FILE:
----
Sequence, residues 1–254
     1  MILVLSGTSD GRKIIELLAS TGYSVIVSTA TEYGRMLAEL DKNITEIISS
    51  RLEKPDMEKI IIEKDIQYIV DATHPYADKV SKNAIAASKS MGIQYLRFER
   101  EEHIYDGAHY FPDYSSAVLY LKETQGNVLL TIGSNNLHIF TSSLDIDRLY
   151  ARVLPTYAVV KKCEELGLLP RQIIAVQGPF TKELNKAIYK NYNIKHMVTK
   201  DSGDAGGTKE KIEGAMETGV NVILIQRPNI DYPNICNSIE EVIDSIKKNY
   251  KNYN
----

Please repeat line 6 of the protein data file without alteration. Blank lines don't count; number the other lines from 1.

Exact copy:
   201  DSGDAGGTKE KIEGAMETGV NVILIQRPNI DYPNICNSIE EVIDSIKKNY